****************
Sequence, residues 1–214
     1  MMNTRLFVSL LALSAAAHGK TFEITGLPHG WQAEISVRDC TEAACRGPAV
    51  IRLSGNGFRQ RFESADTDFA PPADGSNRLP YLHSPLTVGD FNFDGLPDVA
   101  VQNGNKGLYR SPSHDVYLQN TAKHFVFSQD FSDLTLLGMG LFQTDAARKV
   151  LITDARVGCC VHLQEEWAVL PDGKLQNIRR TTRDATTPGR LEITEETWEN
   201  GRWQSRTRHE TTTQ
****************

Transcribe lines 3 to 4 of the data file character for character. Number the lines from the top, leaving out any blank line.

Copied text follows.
    51  IRLSGNGFRQ RFESADTDFA PPADGSNRLP YLHSPLTVGD FNFDGLPDVA
   101  VQNGNKGLYR SPSHDVYLQN TAKHFVFSQD FSDLTLLGMG LFQTDAARKV